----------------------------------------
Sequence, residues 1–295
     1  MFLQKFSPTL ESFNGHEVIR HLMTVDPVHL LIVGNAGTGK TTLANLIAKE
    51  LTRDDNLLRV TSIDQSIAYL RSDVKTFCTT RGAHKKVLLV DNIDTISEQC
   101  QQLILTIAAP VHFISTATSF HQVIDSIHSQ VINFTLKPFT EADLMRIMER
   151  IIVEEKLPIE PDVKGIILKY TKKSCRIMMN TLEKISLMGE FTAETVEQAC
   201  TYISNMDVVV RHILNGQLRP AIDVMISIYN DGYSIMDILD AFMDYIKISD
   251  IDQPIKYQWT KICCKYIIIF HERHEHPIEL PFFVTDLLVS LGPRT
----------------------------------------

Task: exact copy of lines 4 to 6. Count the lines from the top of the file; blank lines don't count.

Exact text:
   101  QQLILTIAAP VHFISTATSF HQVIDSIHSQ VINFTLKPFT EADLMRIMER
   151  IIVEEKLPIE PDVKGIILKY TKKSCRIMMN TLEKISLMGE FTAETVEQAC
   201  TYISNMDVVV RHILNGQLRP AIDVMISIYN DGYSIMDILD AFMDYIKISD